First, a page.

Supporters from the Vancouver Area Network of Drug Users and the Downtown Eastside Neighbourhood Council joined residents in asking that the city levy the maximum possible fines against the hotel owners for building and safety infractions, fix the safety issues in both buildings, find alternative housing for residents displaced by the necessary renovations and ultimately replace the rundown buildings.
"It's time for the city to stop protecting property owners and start holding them to the letter of the law, as they would any of us downtown marginalized people in this city," said Paul Martin, president of the Downtown Eastside Neighbourhood Council, in a press conference Wednesday.*
5000 social housing units needed: DNC
Martin reiterated a point he said he's been making for years -- that Vancouver needs 5,000 units of self-contained social housing units to replace the run down SROs. And it's a policy outlined in a 2005 Housing Plan for the Downtown Eastside.
"We've asked them for 10 sites a year for the next five years so that all these SROs are replaced," he said.
Marlene Basil used to live in the Regent Hotel, another single-room-occupancy building, or SRO, in the Downtown Eastside. She compared the conditions there to what the residents of the Wonder Rooms and Palace Hotels face.
"You couldn't sleep well at night because of the critters crawling all over you," said Basil of the Regent Hotel.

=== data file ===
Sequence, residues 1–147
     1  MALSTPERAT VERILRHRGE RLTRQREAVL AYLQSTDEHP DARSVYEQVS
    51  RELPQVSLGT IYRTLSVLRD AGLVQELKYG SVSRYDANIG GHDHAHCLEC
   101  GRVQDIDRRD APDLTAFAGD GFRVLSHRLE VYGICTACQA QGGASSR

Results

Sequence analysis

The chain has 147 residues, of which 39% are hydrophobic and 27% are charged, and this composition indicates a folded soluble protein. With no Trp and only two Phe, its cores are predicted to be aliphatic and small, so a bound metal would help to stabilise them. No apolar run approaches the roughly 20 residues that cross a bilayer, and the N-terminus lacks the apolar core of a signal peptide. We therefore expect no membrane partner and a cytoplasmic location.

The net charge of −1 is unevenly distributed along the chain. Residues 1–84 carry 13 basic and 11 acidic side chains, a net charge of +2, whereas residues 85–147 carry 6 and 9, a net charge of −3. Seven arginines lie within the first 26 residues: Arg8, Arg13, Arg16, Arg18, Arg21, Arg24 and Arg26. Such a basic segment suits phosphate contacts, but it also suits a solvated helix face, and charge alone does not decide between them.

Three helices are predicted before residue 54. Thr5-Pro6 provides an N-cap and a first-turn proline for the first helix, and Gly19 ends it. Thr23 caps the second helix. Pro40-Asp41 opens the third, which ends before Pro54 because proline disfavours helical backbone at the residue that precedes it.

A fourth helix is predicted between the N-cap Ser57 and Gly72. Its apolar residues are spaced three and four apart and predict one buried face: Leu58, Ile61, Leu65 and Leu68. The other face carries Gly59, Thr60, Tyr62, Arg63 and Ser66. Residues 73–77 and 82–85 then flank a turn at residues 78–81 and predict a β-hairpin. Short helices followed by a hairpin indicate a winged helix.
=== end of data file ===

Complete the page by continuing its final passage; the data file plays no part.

"There was no privacy, so I was living in fear when I was in the Regent."
Following a stint on the street, Basil managed to find a spot at the Orwell Hotel, a city-owned and restored SRO.
"The building is cleaned every morning. We have meals three times a week. And the hallways and everywhere is spotless," she said of the Orwell.
"Living in there compared to where I was is like night and day."
Basil recounted her story to city council today also. Martin and Drury spoke too.
Trouble in the Wonder Rooms
The Wonder Rooms Hotel, located at 50 East Cordova, consists of 39 single-room-occupancy units and was constructed in 1912. The Palace Hotel is located above the Funky Winker Bean's Pub at 35 West Hastings and was constructed in 1906.
Drury and King said George Wolsey owns the Wonder Rooms in a partnership with Douglas Robertson, but it is unclear who owns the Palace Hotel.
The Tyee called the Wonder Rooms for comment from George Wolsey, but messages were not returned. The number for the Palace Hotel is no longer in service.
This lawsuit isn't the first time Wolsey has seen legal action from tenants.
"In one of the previous cases where two tenants that had been evicted by the landlord at the same building, the Wonder Rooms, sued for compensation because of an illegal eviction, the Residential Tenancy Branch actually gave out an award of over $20,000," said King.
He said the compensation had to do with the reasons why Wolsey evicted the two tenants.
"There's a history in this building of pressure being put on the residents to fill their methadone prescriptions at a certain pharmacy that is owned by George Wolsey, and if they fail to do that there will be repercussions, sometimes eviction," King said.
Wolsey used to run Gastown Pharmacy, where he allegedly sent Wonder Rooms residents to fill their methadone prescriptions, providing kickbacks to some, and earning income on each methadone transaction. But Gastown Pharmacy ended its participation in the B.C. government-sponsored methadone program after Wolsey was accused of threatening residents with eviction if they didn't follow his orders.
*Story updated on July 4 at 3:20 p.m.